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Years ago, I learned about Durable Medical Equipment (DME) companies when my husband was diagnosed with sleep apnea and had to get a CPAP (Continuous Positive Airway Pressure) machine. I quickly learned that within our insurance policy, there was a little section on which medical devices were covered, when, why, how often, how much, and for which conditions. It was confusing to say the least. Fortunately, my husband went to our approved local DME shop, got fitted for his alien space helmet (have you seen one of these things?), and that was the end of that. Every year or so he would go get updated equipment, but really, there wasn't much to it.
In Part 1 and Part 2 of Adventures in Tube Feeding: G-Tubes & Autism, I shared my family’s recent medical emergency. My 9-year-old son, Will, who has severe autism and is nonverbal, went on a hunger strike, and as a result, ended up in the hospital for nearly two weeks, ultimately getting a feeding tube called a microvasive G-Tube. Now, while he is undergoing extensive feeding aversion therapy, Will can get all the nutrients he needs through what is essentially an access port to his stomach.
Recently, I shared the news that my nine-year-old son just spent 11 days in the hospital due to severe feeding aversion issues that resulted in life-threateningly low potassium levels. So, what is a feeding aversion?
If you’ve followed the Lauren’s Hope blog for a while, you know that sometimes I write about my kids and their medical needs. Julia, 7, wears her Lauren’s Hope medical ID bracelet for her chocolate allergy and for the simple fact that I know she would completely freak out and forget our phone number in an emergency. Will, 9, wears his Lauren’s Hope medical ID bracelet because he has severe autism and is nonverbal. He’s had the same one for quite a while now, but last week, I had to order Will a new medical ID tag. The reason? Will just spent 11 days in the hospital and got a G-Tube.
May 15-June 15 is Tourette Syndrome Awareness Month. It’s estimated that three to six out of every 1,000 children has Tourette Syndrome. Tourette Syndrome is an inherited syndrome, so if one parent has a dominant Tourette Syndrome gene, there is a 50% chance the child will develop Tourette Syndrome. Males are three times more likely to develop, and 75% of children with Tourette Syndrome develop tics before the age of 11.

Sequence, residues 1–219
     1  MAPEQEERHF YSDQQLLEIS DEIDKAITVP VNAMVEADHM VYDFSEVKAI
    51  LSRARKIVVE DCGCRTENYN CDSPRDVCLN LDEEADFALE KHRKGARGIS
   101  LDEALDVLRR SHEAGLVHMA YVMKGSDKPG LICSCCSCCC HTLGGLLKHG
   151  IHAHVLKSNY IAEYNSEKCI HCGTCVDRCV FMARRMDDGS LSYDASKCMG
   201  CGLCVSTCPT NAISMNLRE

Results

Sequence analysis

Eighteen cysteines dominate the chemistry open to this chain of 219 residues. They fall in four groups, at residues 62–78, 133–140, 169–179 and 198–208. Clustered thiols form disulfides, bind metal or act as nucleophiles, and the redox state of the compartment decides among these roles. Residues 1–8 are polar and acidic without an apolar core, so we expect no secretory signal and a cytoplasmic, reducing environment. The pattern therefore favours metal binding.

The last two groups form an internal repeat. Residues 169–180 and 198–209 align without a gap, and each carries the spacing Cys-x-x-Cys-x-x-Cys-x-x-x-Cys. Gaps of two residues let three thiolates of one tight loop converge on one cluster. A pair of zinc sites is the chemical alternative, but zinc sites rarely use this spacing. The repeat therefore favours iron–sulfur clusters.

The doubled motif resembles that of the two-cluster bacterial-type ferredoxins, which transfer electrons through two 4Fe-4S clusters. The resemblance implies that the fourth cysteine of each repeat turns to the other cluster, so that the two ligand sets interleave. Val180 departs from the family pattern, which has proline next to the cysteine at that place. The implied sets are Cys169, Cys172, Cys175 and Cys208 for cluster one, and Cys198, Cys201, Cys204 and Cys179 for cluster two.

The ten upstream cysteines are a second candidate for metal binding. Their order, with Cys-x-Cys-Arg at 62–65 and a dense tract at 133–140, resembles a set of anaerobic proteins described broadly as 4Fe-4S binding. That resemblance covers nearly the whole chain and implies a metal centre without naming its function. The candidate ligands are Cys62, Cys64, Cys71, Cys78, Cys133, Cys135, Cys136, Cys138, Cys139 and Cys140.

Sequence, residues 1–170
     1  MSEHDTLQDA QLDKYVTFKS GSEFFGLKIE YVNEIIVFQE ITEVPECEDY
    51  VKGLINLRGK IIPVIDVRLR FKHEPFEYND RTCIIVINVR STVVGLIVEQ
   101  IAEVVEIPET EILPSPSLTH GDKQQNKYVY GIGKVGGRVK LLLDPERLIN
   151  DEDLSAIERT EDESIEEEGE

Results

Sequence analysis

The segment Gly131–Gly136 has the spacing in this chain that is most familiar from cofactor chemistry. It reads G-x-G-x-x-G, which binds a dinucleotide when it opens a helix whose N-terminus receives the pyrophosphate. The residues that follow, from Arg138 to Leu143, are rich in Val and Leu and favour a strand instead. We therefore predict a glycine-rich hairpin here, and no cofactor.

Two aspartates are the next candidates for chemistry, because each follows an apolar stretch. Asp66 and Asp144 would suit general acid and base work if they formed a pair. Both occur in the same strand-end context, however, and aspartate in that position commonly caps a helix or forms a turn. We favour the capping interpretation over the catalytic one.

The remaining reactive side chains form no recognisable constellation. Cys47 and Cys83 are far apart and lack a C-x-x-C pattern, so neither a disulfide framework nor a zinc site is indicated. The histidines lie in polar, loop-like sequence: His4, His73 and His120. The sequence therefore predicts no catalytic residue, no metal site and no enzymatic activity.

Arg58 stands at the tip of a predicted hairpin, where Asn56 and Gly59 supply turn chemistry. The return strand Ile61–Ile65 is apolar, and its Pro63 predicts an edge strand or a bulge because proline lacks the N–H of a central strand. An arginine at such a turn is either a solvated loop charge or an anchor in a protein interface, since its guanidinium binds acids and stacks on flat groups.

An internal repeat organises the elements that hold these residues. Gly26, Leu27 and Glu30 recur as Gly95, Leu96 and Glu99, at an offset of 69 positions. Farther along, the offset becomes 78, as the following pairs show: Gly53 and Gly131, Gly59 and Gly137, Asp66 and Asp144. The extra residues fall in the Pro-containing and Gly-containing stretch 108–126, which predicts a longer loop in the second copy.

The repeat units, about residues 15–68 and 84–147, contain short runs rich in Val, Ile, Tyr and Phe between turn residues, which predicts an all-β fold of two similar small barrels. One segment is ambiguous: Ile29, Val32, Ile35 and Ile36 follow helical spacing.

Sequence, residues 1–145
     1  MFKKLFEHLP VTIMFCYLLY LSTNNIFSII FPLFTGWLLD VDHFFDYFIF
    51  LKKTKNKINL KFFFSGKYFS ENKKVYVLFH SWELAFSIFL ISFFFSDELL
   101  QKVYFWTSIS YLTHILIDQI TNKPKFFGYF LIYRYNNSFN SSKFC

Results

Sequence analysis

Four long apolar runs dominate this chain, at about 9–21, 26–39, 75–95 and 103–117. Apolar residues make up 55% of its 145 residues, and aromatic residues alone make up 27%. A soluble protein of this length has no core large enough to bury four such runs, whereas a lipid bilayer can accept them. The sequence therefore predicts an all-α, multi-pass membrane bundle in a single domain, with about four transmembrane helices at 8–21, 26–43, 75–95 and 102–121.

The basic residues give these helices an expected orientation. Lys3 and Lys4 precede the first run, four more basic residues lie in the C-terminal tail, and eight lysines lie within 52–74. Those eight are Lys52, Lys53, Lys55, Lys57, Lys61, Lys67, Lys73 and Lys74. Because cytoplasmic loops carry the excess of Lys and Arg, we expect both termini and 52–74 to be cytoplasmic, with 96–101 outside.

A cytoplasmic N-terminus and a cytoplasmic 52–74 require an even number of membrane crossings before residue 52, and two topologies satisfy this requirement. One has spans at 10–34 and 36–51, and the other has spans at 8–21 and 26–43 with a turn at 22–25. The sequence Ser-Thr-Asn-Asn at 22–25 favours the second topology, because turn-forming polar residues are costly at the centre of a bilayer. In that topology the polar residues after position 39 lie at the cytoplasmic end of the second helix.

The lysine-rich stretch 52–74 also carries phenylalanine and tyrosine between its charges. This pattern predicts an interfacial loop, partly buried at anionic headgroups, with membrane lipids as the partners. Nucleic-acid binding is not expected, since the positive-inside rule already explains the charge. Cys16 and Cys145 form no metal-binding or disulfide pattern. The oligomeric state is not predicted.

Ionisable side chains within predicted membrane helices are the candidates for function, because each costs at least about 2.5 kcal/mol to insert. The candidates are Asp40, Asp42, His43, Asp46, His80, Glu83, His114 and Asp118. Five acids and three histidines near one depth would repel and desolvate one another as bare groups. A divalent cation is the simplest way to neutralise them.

June is Post-Traumatic Stress Disorder Awareness Month. Although PTSD has been brought to the nation’s attention by the staggering number of war veterans who return home with it, Post-Traumatic Stress Disorder doesn’t just occur in veterans. An estimated 7.7 million Americans have PTSD. One in 10 women will develop PTSD in her lifetime, and 50% of those with Post-Traumatic Stress Disorder don’t seek treatment.
Huntington’s Disease is a hereditary brain disorder that affects people of every race, all over the world. In the United States, Huntington’s Disease occurs in about one in 10,000 people, and currently, about 30,000 people in the U.S. have Huntington’s Disease. Up to 200,000 people in the U.S. are at risk of developing Huntington’s Disease in their lifetime.
When it comes to Summer, aside from the warm weather and pretty flowers, my favorite part is cooking out with friends and family. Since I was diagnosed with Celiac Disease, however, I look at barbecues a bit differently. Instead of seeing a delicious spread of potato salad, coleslaw, and chips, I see unknown cooking surfaces, mystery seasonings, and cross-contamination risks.
Monday is Memorial Day. While that typically means a day off work, lots of picnics, and the unofficial start to summer, we all know the true purpose of Memorial Day is honoring those US military personnel who have died in service to our nation. So today's Free Stuff Friday is a little different. Today, we're not giving away Lauren's Hope medical ID bracelets. Today, we're giving away three pieces from our new Love & Beloved line of personalized jewelry.
Traumatic Brain Injuries affect 1.7 million people annually. A Traumatic Brain Injury (TBI) is a form of acquired brain injury that occurs when a sudden trauma causes damage to the brain. A TBI can happen when the head suddenly and violently hits an object, or when an object pierces the skull and then enters the brain. Concussions are the most common form of Traumatic Brain Injury.
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